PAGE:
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‘I hope you end up like me strong:’ Stanford sexual assault survivor named ‘Woman of the Year’

Former Stanford swimmer Brock Turner, shown in a Palo Alto, Calif., courtroom in 2015, was convicted in the sexual assault of a woman on campus.
Former Stanford swimmer Brock Turner, shown in a Palo Alto, Calif., courtroom in 2015, was convicted in the sexual assault of a woman on campus.
(Karl Mondon / San Jose Mercury News via AP)

Emily Doe’s emotional, 12-page, single-spaced letter about her attacker, former Stanford swimmer Brock Turner, resonated with sexual assault survivors, activists and lawmakers who passed legislation in California this year that expanded the definition of rape and increased penalties for offenders.

For her bravery, she was named Glamour magazine’s “Woman of the Year.”

Emily Doe, who has chosen to remain anonymous, has penned a letter to Glamour, detailing the outpouring of support she received following Turner’s sentencing.

She had read the 12-page statement in court and had felt excited about the chance to “declare I am here” during the hearing, she wrote.

But moments after, when she learned that Turner was sentenced in June to six months in jail, she was struck with silence.

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“Immediately I felt embarrassed for trying, for being led to believe I had any influence,” she said. “The violation of my body and my being added up to a few months out of his summer.”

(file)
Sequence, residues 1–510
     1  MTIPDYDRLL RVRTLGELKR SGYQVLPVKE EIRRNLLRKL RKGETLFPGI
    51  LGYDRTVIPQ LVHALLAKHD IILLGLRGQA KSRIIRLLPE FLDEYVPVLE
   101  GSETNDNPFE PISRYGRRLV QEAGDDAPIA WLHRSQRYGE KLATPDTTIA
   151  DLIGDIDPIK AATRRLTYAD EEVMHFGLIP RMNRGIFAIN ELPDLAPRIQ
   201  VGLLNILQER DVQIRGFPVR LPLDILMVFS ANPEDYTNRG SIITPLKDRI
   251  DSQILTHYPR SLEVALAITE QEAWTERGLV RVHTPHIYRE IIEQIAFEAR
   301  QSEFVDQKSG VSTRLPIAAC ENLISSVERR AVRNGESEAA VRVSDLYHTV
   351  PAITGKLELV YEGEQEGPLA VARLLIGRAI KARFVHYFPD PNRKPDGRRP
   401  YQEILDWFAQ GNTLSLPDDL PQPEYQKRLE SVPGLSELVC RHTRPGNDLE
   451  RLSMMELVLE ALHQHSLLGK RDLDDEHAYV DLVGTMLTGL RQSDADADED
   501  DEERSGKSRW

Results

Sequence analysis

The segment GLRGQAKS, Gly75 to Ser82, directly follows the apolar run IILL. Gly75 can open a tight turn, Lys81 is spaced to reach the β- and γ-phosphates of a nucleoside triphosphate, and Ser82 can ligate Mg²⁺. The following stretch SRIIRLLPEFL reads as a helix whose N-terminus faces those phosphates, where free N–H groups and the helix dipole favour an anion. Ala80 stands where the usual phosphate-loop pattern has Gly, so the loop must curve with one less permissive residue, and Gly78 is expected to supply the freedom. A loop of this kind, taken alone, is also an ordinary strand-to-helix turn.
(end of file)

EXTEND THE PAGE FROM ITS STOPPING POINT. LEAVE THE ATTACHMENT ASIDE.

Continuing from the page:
Turner was facing a maximum sentence of 14 years in prison for sexually assaulting her behind a dumpster on campus while she was unconscious after a fraternity party. At the time, prosecutors asked Judge Aaron Persky to sentence him to six years in prison.

Persky instead sentenced Turner to county jail and three years’ probation, saying a lengthier sentence would have a “severe impact” on the then 20-year-old. The sentence was criticized for its leniency, and a campaign was launched to recall Persky from the bench. Persky later was moved to a civil court in San Jose to reduce courtroom distraction following the Turner case.

Persky’s action, Emily Doe said, “mutes the word ‘justice.’ ”

Critics said the sentence set an ominous precedent for sexual assaults on U.S. college campuses.

Santa Clara County Dist. Atty. Jeff Rosen has said Emily Doe’s letter started a “national awakening about campus sexual assaults” and “continues to grow, changing our minds and our laws.”

Her letter has been read by senators on the floor of Congress and prompted Vice President Joe Biden to write an open letter to her.

Emily Doe was sitting in her pajamas eating cantaloupe when she learned about Biden’s letter.

“You are a warrior. I looked around my room, who is he talking to. You have a steel spine, I touched my spine,” she wrote to Glamour.

Critics have tried to tear her apart with spiteful words, she said, but one stood out and “managed to lodge harmfully inside me.” She said the commenter said, “Sad. I hope my daughter never ends up like her.”

After absorbing the statement, Emily Doe wrote that she is learning to say, “I hope you end up like me, meaning, I hope you end up like me strong. I hope you end up like me proud of who I’m becoming. I hope you don’t ‘end up,’ I hope you keep going. And I hope you grow up knowing that the world will no longer stand for this. “

veronica.rocha@latimes.com

For breaking news in California, follow @VeronicaRochaLA on Twitter.


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